The National Aeronautics and Space Administration (NASA) is progressing with its Advanced Air Mobility (AAM) National Campaign (NC), created to promote public confidence and acceptance of emerging aviation markets. NASA selected 14 partners in July to participate in the next round of NC airspace simulations—called X4—to continue work towards integrating air taxis, cargo delivery aircraft and other new air vehicle concepts into the national airspace system.
Among those selected, the Metron Aviation – Airbus UTM team is developing and deploying tools to enable digital air traffic services to ensure a safe, fair and efficient airspace, creating a safe, integrated, accessible airspace supporting a wide range of new aircraft and operations.
According to an Airbus blog:
A key component of NASA’s NC is the Airspace Annex, which provides a virtual environment for third-party airspace service providers—such as Airbus UTM—to validate technology capabilities, with the ultimate goal of accelerating the deployment of software services to support AAM. The NC provides a great opportunity to advance verification and validation processes of AAM concepts and processes, such as those provided by Airbus UTM’s simulation platform.
In 2020, the Airspace Annex centred around a series of simulations—called X3—that provided an opportunity to integrate and test our technology through simulations with NASA’s X3 system. These simulations allowed NASA engineers to evaluate a provider’s current capabilities, its ability to communicate with other industry partners, to adapt to different flight scenarios and to solicit feedback for NASA’s software architecture.
The Metron Aviation – Airbus UTM team was selected by NASA to participate in X3. In preparation, we developed and deployed a Provider of UAM Services (PSU), as well as a simulation engine or ‘target generator’ to simulate AAM vehicle operations. X3 simulations began last August and concluded in December 2020, and covered three specific scenarios:
- Nominal Operations: The first scenario consisted of completing a predetermined route (including take-off and landing), and monitoring to confirm that the operation was conforming with its stated plan, and alerting the system if it was out of conformance.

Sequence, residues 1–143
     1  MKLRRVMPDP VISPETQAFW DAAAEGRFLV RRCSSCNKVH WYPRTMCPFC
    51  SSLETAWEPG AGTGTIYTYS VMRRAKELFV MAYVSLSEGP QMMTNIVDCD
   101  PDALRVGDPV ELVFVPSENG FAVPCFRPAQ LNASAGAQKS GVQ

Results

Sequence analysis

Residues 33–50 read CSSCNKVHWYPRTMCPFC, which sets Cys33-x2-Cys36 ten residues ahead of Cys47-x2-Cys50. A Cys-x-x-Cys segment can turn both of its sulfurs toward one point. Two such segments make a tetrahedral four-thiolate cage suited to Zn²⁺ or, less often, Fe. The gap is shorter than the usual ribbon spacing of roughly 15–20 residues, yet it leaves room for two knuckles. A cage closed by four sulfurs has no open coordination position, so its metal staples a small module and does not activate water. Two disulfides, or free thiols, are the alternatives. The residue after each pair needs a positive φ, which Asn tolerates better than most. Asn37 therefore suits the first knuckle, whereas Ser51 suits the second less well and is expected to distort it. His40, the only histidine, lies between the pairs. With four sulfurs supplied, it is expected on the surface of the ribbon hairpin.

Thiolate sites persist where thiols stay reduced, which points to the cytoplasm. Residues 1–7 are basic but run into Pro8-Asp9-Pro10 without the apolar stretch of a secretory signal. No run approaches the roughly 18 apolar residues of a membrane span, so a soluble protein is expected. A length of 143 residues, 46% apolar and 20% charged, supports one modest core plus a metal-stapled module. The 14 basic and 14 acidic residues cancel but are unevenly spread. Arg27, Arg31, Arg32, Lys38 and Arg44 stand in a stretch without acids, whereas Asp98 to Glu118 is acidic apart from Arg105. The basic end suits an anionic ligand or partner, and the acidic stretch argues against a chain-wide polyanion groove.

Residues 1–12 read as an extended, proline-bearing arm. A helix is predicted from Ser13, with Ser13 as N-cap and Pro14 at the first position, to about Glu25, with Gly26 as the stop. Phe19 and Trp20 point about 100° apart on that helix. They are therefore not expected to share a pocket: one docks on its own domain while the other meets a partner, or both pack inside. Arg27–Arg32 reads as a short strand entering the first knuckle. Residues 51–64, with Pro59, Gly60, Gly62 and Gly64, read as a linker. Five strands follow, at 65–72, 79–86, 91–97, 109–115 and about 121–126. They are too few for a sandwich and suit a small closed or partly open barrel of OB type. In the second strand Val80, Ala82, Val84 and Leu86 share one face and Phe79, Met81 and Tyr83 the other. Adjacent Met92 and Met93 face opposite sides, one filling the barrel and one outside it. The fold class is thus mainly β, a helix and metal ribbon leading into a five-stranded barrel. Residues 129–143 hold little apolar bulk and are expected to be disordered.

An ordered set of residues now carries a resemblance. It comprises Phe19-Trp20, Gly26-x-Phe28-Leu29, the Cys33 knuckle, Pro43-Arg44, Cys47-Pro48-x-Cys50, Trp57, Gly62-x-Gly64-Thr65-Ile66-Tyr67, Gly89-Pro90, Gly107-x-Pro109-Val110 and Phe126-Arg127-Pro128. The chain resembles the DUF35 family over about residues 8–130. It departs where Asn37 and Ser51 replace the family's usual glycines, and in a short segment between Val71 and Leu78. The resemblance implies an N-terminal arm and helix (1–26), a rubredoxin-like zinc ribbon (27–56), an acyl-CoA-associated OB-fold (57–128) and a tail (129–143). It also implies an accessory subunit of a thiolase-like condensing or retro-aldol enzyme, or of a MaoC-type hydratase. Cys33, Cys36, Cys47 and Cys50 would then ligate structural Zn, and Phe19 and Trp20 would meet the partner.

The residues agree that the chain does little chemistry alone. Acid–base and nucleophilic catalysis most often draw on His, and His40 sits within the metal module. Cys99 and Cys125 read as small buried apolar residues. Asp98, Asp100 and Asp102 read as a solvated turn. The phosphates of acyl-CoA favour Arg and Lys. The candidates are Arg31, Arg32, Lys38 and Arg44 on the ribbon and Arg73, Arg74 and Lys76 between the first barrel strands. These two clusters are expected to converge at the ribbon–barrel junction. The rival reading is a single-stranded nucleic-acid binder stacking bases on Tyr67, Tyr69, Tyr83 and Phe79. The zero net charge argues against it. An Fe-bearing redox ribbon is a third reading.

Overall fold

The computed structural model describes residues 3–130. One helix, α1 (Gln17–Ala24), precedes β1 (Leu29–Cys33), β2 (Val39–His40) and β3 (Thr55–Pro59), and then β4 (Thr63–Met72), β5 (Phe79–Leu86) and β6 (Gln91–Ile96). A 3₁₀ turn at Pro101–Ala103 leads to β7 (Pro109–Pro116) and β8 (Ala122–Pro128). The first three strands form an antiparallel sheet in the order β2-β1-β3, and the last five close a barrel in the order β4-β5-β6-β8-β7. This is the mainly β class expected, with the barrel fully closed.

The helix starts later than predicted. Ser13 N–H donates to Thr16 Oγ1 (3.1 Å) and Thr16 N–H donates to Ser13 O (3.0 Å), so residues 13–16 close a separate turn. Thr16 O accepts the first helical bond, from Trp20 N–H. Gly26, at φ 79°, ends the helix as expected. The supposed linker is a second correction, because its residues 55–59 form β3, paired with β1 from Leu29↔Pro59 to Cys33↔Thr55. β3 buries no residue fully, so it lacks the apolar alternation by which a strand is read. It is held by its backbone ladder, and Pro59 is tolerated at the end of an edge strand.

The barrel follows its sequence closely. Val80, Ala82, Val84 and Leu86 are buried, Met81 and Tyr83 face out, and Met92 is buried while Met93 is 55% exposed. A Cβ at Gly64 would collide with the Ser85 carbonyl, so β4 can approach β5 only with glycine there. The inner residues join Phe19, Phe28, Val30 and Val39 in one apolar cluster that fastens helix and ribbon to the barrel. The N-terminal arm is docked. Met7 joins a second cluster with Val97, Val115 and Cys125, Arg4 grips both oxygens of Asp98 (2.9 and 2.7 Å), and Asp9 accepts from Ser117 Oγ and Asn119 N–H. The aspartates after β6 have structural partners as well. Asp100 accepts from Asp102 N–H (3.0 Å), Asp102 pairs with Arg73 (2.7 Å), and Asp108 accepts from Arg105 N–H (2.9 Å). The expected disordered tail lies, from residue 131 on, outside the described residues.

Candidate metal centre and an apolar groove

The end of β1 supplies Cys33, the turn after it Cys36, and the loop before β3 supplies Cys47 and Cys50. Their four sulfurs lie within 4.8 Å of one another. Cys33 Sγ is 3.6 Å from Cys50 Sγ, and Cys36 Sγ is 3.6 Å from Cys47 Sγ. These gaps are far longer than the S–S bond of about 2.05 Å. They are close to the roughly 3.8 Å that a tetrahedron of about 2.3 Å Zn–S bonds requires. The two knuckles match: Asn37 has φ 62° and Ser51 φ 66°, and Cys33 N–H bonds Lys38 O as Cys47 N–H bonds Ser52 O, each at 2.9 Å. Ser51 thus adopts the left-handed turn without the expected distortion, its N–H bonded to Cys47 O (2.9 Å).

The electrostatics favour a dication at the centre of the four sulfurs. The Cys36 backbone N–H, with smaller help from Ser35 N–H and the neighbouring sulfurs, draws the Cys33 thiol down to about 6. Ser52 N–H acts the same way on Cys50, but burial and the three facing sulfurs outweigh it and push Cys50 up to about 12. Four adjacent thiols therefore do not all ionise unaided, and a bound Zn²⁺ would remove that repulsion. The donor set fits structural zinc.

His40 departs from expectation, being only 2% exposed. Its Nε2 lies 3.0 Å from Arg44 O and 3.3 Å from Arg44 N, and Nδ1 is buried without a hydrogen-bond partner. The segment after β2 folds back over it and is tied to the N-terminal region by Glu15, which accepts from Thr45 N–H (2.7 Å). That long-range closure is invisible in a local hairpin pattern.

- Airborne Reroute: In the second scenario, airspace constraints were imposed on the flight path. This required us to reroute operations around the constraints, with real time updates to the operation routing while the aircraft was airborne
- Contingency Operations: This scenario included one simulation of a baulked landing and go-around, and a second simulation of an emergency landing.
In addition to four separate X3 simulation tests, our team completed additional tests to confirm connectivity to NASA’s X3 systems, and to verify PSU and target generator functionality. Of the 11 participating teams, the Metron Aviation – Airbus UTM team was one of only two to complete all scenario tests with NASA. Our successful navigation of these simulations allowed us to refine, test and validate AAM services consistent with pending global standards and provided NASA with meaningful insight to prepare for the next National Campaign simulations and flight test program.
X4 is the next laboratory evaluation activity in the programme, ahead of the first National Campaign test (NC-1). X4 will advance the technology and test new information sharing requirements – amongst providers, as well as between providers and air traffic controllers – to enable safe, efficient urban air mobility operations while staying aware of increasing demands on the airspace. The team will support the National Campaign Developmental Test in 2021, and NC-1 in 2022. For NC-1, industry partners will focus on demonstrating integrated operations through flight activities with vehicles and third-party airspace service providers at various locations in the National Airspace System around the country.
Over the next decade, NASA will work to determine how cities, airports, and overall infrastructure can support this type of passenger transport and cargo delivery. The data and lessons learned from the National Campaign will help inform FAA policies and procedures that industry will follow as they fly various-size vehicles and diverse missions. In addition, demonstrations will enable communities and local governments to further understand operations and assess the noise footprint of these new vehicles.
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